On Campus: We’re Taking A Fresh Look At Education In Hawaii

In August, 14 teachers and 311 students in Wahiawa embarked on an exciting and  challenging adventure: launching a brand new school.

Kamalani Academy, one of two new charter schools approved by the state in 2016, opened its doors Aug. 7. It was a big day for parents, for Civil Beat — and we hope for our readers.

News organizations often spend time covering the outcomes of classroom reform efforts, but it’s rare for reporters to have both the time and the unfettered access they need to follow big education initiatives from the beginning.

That’s what we’re doing this year at Kamalani Academy, through a podcast series we’re calling “On Campus.”

This education podcast is part of an ongoing effort to make audio reporting a bigger part of what we do in the newsroom.

For the last four months, Civil Beat reporters have been spending a lot of time in central Oahu getting to know teachers and parents at Kamalani Academy. They were there when school founders did the final walkthrough of the campus with construction crews, when teachers reported for their first paid day of work, and when parents dropped their kids off for the first time.

Hawaii’s public school system has made some big strides in the last decade, but it still has a pretty poor reputation. The state struggles with high teacher turnover, outdated classroom facilities and meeting the needs of special education students. This year, the publication Edweek gave Hawaii a grade of D+ for educational achievement.

These challenges have created a big demand for alternatives, including private schools and charter schools. That’s what Kuuipo Laumatia, a Native Hawaiian mother of 10, found when she started pitching her idea for a new charter school to local families.

When Laumatia told parents she was going to create a school where learning would be individualized and fun, where kids would learn about Hawaiian culture and teachers would use art and music to teach core subjects like science and math, a lot of parents immediately said, “Where do I sign up?”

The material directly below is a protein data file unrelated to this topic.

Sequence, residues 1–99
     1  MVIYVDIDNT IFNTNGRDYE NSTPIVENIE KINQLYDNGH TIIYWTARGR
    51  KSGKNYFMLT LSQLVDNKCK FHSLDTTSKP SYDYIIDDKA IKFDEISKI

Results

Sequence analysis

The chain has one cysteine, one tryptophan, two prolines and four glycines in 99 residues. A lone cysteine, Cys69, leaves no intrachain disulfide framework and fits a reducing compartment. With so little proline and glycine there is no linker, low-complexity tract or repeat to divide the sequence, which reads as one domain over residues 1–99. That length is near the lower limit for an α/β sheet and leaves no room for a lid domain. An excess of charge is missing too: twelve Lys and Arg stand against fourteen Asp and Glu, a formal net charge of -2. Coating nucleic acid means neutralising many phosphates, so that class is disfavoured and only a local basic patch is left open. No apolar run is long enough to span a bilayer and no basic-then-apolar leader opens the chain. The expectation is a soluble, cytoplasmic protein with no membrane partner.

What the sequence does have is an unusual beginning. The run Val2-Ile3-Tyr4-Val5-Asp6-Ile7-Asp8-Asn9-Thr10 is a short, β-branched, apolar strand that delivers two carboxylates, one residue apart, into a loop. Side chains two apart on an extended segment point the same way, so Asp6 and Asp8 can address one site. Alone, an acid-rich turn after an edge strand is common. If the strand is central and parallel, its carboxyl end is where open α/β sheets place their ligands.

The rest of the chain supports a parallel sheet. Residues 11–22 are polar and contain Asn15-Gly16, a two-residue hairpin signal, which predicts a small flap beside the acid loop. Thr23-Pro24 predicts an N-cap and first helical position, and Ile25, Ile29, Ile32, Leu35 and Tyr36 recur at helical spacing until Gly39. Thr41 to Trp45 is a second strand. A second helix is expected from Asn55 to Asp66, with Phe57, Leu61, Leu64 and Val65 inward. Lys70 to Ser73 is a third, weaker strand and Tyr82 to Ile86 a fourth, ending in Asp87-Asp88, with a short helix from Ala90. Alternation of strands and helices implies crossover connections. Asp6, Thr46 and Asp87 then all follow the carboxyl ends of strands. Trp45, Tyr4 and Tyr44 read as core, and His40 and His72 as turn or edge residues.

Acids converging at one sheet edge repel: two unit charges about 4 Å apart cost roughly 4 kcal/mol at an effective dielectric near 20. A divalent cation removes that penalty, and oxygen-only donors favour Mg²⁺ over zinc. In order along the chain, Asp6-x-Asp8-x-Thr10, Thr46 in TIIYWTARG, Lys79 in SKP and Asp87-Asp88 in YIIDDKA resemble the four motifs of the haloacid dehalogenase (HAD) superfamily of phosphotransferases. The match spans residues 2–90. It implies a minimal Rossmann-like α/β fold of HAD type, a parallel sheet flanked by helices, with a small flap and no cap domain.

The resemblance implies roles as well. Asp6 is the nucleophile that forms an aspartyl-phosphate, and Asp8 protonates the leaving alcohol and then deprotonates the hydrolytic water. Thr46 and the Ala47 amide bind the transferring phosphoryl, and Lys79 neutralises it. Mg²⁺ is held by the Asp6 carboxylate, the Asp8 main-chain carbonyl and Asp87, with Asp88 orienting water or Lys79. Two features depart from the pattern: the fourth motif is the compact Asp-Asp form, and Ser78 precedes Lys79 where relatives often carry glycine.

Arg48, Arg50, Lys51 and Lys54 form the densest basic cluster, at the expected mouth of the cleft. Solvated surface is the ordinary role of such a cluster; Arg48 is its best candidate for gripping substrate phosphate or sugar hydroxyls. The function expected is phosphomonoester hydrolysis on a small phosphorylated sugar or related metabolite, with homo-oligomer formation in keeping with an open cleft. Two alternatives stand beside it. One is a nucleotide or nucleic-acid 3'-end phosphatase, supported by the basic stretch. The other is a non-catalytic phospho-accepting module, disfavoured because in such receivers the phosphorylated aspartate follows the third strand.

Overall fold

Kamalani opened with an enrollment of 311 students. Another 200 children were on a waiting list.

A banner hangs at the Kamalani Academy school site during construction.

April Estrellon/Civil Beat

Charter schools are public schools. They are funded with taxpayer money, and they have to abide by academic and financial standards set by the state and federal departments of education.

But they also operate with a lot more autonomy than traditional public schools. That freedom is supposed to pay dividends for all taxpayers — not just charter school parents.

Charters, at least in Hawaii, were meant to serve as laboratories for innovation. Places where teachers and administrators can experiment and take risks, create new programs that, if successful, could then be replicated at other public schools to improve the entire system.

It hasn’t always worked out that way. Charter schools in Hawaii often operate in a silo, and have limited support from the Department of Education.

So this year at Civil Beat, we’re going to try and take on a school project in the original spirit of the charter school law. We’re going to spend a lot of time in the education “lab” at Kamalani. See what works and what doesn’t as Kamalani staff try out some pretty bold ideas. And then we’re going to see how those experiments relate to what’s happening in public school classrooms across the state.

Kuuipo Laumatia waves at the crowd at Kamalani Academy’s open house. The mother of 10 is a founder of the new charter school in Wahiawa.

April Estrellon/Civil Beat

The founders of Kamalani Academy have big plans for their school, and see a need for arts-integration schools with a focus on local culture in other states and countries. Laumatia envisions a Kamalani Academy one day in Nevada, a state with a large community of Native Hawaiians. Perhaps even someday there might be a Kamalani Academy in New Zealand, says Laumatia, who is part-Maori.

Many challenges stand in their way. Hawaii charter schools face a number of hurdles, including a lack of facility funding that many charter school leaders say is crippling. And it’s no easy task developing a robust and safe campus climate with all new teachers and students.

What does it take to build something like this from the ground up?

Civil Beat will be tagging along with Kamalani staff on their journey, posting periodical podcasts throughout the school year. Check our On Campus page for updates.

We will be there to chronicle the school’s succcesses, but we’re also going to examine the struggles they will undoubtedly face in their first year.

We hope you’ll join us.

Listen to the first episode of On Campus below, or download it in on iTunes.

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